Image result for Alexander Grant (dancer)Alexander Grant (22 February 1925 – 30 September 2011) was a New Zealand ballet dancer, teacher, and company director.[1] After moving to London as a young man, he became known as "the Royal Ballet's most remarkable actor-dancer in its golden period from the 1940s to the 1960s."[2]

In 1971, when age and physical disability began to limit the frequency of his performances, Grant became director of Ballet for All, the educational group within the Royal Ballet. He retired from the company in 1976 and accepted the post of artistic director of the National Ballet of Canada, based in Toronto. During his seven years there, he significantly enlarged the company repertory by acquiring works by Ashton, Cranko, MacMillan, Béjart, and other internationally known artists as well as by encouraging such young Canadian choreographers as James Kudelka, He also occasionally appeared on stage as Alain, Carabosse, and various characters in mime roles.[14]

Upon his return to England in 1983, Grant became an extremely popular guest performer and producer. He joined London Festival Ballet (now English National Ballet) as coach and performer, appearing in mostly mime roles such as Doctor Coppélius, Herr Drosselmeyer, and Madge the Witch in La Sylphide. At the "Gala Tribute to Sir Frederick Ashton in Celebration of His 80th Birthday", held on 18 October 1984 at the Royal Opera House, Grant honored his mentor and friend by dancing a role originated by Ashton in 1931, that of the oily Dago in the Tango-Pasodoble of Ashton's perennially popular Façade.[15] He was fifty-nine years old at the time. When Ashton died in 1988, he left the rights to Façade and La Fille Mal Gardée to Grant, who subsequently traveled widely, staging and coaching these ballets for various companies.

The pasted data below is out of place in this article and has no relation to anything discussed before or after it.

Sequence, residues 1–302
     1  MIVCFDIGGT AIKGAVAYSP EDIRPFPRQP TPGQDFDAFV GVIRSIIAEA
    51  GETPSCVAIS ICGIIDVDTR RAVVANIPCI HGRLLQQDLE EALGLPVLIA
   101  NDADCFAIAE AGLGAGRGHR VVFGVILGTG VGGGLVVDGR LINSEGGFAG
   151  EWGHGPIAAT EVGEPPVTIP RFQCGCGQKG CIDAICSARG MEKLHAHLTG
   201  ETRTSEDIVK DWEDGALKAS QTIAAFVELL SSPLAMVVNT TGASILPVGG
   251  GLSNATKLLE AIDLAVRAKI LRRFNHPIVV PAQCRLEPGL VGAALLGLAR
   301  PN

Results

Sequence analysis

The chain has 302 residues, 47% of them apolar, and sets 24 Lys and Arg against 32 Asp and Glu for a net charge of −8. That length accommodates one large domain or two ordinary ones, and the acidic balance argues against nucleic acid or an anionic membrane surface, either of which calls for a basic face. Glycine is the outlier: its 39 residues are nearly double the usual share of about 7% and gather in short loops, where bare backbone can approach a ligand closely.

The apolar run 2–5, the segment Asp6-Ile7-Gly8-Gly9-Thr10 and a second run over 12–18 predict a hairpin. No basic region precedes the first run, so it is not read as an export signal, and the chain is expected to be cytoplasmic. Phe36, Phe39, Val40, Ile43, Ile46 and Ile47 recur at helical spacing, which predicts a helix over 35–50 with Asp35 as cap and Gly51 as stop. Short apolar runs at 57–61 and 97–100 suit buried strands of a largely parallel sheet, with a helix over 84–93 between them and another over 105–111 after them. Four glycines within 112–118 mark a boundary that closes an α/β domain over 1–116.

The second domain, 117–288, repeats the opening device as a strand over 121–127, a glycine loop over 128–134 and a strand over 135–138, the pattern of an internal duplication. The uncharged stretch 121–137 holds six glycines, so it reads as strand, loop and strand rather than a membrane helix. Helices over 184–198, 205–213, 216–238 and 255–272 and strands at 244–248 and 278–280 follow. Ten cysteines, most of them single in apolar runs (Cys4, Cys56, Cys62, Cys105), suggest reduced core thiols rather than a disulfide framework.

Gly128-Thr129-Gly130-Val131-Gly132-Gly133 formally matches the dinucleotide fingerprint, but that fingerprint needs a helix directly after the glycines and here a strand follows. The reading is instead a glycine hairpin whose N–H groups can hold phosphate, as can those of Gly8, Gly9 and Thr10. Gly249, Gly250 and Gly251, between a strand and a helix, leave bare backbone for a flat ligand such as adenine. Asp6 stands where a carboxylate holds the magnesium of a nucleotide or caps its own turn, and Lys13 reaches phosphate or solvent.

Offstage, Grant was one of the most beloved members of the Royal Ballet. With his twinkling eyes, gregarious nature, and direct, often humorous turn of phrase, he won many friends and admirers.[16] As a young man, his magnetic personality, thick mane of hair, and craggy good looks caused him to be an object of lust by both sexes. He was romantically attached to ballerina Nadia Nerina in his early years in London but abandoned her in 1953 in favor of an intense affair with Frederick Ashton, who had fallen deeply in love with him. When their romance cooled, Ashton and Grant became fast and lifelong friends as well as professional colleagues.[17] In the autumn of 1984, Grant was the only personal friend of Ashton's to be invited to a dinner party hosted by Princess Margaret in honor of Ashton's recent birthday. When Ashton died in 1988, he left "all royalties and profits from my copyrights" to a small group of friends. Those to Façade and La Fille Mal Gardée were bequeathed to Grant.[18]

In old age, Grant underwent a hip replacement and prostate surgery. His second hip replacement should have been a routine procedure and recovery, but it turned into a pain-racked, seven-month stay in hospital. He died in 2011, at age eighty-six. He was survived by his partner, Jean-Pierre Gasquet, his companion of fifty-four years, and his brother Garry, fifteen years his junior. Also a dancer with the Royal Ballet, Garry Grant inherited many of his older brother's most famous roles.


  1. https://en.wikipedia.org/queerplaces/images/Alexander_Grant_(dancer)